This museum of musical instruments was very interesting. It is housed in the Old English Building, which used to be a department store. The self guided tour is excellent, as you input a number to the audio guide and then hear the sound of the instrument you are looking at in the display being played. The collection is extensive, and it was interesting to see how many countries, for example, used bag pipes or some version of pipes and a bag. I knew there would be a large range of stringed instruments, but again, the diversity of shape and sound was very interesting. There was a whole floor dedicated to keyboards, as they claim that the only instrument that definitely has its origins in Europe is the keyboard.

    The architecture of the building was also lovely, as it was once a department store, it had a lovely central lift that was fully operational. We caught the lift to the top floor where there is a restaurant and terrace that affords you wonderful views across Brussels.
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  • Day16

    Art Nouveau at its finest

    September 19, 2019 in Belgium ⋅ ⛅ 16 °C

    After lunch, we again headed to the metro to make our way to the Horta Museum. Victor Horta was a Belgian architect and designer, and one of the founders of the Art Nouveau movement. We visited his house and studio, that has been turned into a museum. There are many examples of his work across Brussels. His style, the curving stylised vegetal forms, influenced many others including Hector Guimard, who used it in the first house he designed and in the entrances he designed for the Paris Metro. Horta typically designed not only the building but also the furniture, to match his particular style. His house is an excellent example - he also designed the wall paper and soft furnishings. We were not able to take photographs in the museum, so I purchased some post cards which I have scanned so you can see his wonderful work and how beautifully it has been preserved and restored.

    We finished off the day with dinner with Gui, Geertje and Brigitte out at their place in Tervuren. Paulette dropped by to say hello also. Always great to catch up with family. We had a wonderful dinner:- Burrata with tomatoes (Ottolenghi recipe) which was absolutely delicious; a chicken curry; and, for dessert, a berry crumble with fresh raspberries from Geertje’s sister’s garden (Jamie Oliver recipe). It was a great night with lots of laughter. Gui then kindly dropped us back into the city - he had picked us up from the Stockel metro station before dinner.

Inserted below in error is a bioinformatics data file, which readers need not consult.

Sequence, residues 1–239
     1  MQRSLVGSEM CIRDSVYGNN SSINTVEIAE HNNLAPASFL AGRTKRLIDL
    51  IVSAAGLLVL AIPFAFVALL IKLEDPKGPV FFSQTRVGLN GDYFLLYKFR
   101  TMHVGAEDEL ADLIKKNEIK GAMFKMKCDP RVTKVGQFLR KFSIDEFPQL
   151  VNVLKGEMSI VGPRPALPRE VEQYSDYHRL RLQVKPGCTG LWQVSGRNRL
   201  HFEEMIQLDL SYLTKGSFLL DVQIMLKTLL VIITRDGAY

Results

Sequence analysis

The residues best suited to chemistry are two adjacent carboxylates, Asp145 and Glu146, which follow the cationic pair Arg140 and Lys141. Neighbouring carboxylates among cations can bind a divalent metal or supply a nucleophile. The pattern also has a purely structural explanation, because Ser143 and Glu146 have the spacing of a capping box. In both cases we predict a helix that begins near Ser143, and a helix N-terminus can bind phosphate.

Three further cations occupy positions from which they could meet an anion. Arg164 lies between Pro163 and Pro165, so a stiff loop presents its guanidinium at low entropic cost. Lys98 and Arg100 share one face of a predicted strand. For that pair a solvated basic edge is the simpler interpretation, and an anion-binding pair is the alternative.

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    S. L.

    Great pics, beautiful museum

  • Day18

    Last day in Brussels

    August 22, 2019 in Belgium ⋅ ⛅ 22 °C

    Another fantastic day in this amazing city - I had no idea it was so grand. Stumbled upon the phenomenal Courts of Justice up a street lift and bridge whilst looking for the Royal Palace and Parc de Bruxelles. Popped into the parc but it was disappointing, apart from the ice cream opportunity it afforded. Palace, however, was fabulous- free to go in, fabulously ornate, and with a couple of temporary exhibitions; one reasonably interesting, about moon-related stuff, and the other a completely brilliant collection of interactive science installations. We spent ages there! More impressive buildings on the more direct route home. Lunch was Belgian waffles ... Dinner was back to the same place for meatballs, spaghetti, omelette and salad.Read more

  • Day15

    René Magritte Exhibition

    September 18, 2019 in Belgium ⋅ ⛅ 16 °C

    We wandered around the narrow and winding streets, making our way up to the Monte des Artes to the Magritte Exhibition, which was in a complex known as the Musees Royaux des Beaux-Artes de Belgique. The exhibition was very interesting, and Magritte had a career that started with him creating marketing posters and designing ads, and then evolving into paintings and then film. He was good friends with Salvador Dali, and a number of writers. His work was not always popular with the public or the critics, and his first solo exhibition was savaged by the critics.

    His work is known for challenging observers’ preconditioned perceptions of reality. His imagery has influenced pop art, minimalist art and conceptual art. He hung out with André Breton and became a leading member of the Surrealist movement. He also took part in some dodgy activities - he produced fake Picasso’s, Braques and Chiricos and, following WWII, got involved in the printing of forged banknotes. He also had ties to the communist party. Magritte died in 1967. I have picked out a couple of photos from the exhibition as well as his paintings.
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You might also know this place by the following names: